If your industry (i.e. the parts of value chain which you sell) are in a peace era then cutting costs through efficiency to increase profitability can be a good play, assuming you don’t reduce barriers to entry into the space. There are many reasons why you would do this and often you can clear out a lot of waste in the organisation. However, if your industry has moved into the war then then cutting costs through staff to restore profitability due to declining revenue is often a terrible move. The problem is your revenue is eroding due to a change in the value chain and the industrialisation of the activity to more commodity forms. You need to respond by adapting and possibly moving up the value chain. However, by layoffs you’re likely to get rid of those people who were seen to be less successful in the previous era. That doesn’t sound too bad but the result is you end up with a higher density of people successful in the past models (which are now in decline due to evolution) and hence you’ll tend to increase your cultural inertia to change. In all likelihood, you’ve just removed the very people who might have saved you.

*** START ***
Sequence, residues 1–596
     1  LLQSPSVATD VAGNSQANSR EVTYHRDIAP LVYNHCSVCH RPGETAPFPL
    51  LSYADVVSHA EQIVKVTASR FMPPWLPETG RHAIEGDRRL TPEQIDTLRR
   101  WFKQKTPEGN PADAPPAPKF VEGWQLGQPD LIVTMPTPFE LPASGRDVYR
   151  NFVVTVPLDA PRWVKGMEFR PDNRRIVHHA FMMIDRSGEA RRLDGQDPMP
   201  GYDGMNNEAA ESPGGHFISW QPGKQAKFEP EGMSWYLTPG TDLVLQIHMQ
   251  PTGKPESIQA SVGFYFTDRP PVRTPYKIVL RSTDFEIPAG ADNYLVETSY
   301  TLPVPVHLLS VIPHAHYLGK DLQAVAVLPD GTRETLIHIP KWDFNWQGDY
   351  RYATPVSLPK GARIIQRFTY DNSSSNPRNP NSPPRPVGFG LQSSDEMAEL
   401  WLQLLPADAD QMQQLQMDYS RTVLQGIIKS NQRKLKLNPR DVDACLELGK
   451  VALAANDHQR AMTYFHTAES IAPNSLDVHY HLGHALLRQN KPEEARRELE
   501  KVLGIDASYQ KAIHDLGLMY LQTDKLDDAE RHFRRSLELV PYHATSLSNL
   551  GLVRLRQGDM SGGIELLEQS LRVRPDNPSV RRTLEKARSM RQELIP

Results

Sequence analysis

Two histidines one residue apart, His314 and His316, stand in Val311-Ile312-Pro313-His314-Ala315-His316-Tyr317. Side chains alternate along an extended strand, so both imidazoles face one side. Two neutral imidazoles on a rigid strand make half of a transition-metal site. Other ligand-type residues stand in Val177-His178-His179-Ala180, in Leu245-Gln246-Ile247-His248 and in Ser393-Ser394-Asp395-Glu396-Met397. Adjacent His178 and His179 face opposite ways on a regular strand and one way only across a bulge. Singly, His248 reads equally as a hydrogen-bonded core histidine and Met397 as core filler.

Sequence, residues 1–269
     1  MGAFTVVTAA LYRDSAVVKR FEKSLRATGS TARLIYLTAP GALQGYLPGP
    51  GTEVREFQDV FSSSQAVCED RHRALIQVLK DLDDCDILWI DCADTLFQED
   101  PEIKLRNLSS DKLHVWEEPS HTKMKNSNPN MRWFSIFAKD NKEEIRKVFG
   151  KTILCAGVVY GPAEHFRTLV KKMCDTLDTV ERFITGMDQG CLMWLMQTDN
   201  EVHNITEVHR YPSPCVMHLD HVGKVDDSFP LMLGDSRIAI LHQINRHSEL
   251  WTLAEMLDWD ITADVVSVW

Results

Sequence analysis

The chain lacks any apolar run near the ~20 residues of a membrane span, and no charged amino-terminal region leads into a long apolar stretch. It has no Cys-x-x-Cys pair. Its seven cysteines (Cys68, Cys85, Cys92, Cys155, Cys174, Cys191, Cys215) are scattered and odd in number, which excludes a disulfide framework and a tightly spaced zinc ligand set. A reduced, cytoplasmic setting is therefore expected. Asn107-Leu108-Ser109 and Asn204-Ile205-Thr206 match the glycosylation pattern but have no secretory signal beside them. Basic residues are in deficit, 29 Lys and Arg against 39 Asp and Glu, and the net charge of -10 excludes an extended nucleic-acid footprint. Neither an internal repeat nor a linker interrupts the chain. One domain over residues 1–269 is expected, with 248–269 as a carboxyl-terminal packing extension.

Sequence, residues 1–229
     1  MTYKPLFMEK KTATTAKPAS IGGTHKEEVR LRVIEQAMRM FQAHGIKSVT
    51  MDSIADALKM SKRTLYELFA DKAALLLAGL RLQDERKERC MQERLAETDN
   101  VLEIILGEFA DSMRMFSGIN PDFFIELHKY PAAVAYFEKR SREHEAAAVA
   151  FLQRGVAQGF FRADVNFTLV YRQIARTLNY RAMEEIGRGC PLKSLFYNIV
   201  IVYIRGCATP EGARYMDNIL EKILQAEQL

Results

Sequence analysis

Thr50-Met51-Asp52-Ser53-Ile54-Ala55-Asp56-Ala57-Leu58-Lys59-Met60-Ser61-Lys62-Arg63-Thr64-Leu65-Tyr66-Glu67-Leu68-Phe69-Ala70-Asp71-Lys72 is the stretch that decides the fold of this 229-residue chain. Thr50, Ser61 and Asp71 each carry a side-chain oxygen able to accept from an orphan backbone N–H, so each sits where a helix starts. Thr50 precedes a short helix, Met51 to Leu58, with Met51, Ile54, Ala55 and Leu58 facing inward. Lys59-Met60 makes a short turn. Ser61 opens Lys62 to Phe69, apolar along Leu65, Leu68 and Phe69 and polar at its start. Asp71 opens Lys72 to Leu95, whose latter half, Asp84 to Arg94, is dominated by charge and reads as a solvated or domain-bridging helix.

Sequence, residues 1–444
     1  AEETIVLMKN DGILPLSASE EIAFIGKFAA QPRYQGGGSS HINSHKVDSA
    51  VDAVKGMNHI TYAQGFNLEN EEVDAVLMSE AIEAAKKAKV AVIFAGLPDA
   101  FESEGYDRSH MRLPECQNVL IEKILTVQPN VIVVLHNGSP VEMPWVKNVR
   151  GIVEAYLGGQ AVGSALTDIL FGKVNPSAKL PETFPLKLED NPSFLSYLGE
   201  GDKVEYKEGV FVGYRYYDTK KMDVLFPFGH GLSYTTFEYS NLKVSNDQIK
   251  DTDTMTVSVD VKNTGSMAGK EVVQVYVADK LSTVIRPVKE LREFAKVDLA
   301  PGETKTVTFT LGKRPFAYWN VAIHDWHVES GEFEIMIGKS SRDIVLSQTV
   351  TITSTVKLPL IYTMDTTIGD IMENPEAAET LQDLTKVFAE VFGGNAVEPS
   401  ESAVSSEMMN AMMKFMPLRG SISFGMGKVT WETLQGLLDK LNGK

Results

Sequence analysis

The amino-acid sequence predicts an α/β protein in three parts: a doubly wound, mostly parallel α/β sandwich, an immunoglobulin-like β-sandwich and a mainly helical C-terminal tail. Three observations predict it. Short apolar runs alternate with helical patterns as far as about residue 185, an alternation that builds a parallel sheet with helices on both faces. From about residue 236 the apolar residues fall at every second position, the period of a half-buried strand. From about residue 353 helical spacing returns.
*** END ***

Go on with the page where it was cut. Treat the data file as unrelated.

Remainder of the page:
Revenue will continue to drop and you’ll start a death spiral. You’ll start scrambling around looking for “emerging markets” i.e. less developed economies for you to sell your currently being industrialised product into. The only result of this however is you’re laying the ground work for those economies to be later industrialised once your competitors have finished chewing up your existing market. What you of course should be doing is adapting and realising that the tactics you play in one era are not the same as another (peace vs war etc). Now any large organisations has multiple different values chains in different evolutionary phases and you have to see this and know how to switch context between them in order to choose the right tactics. Naturally, most people don’t manage to achieve this, nor do they effectively anticipate change or cope with industrialisation in the right way. This is why big companies often die but at least that keeps things interesting.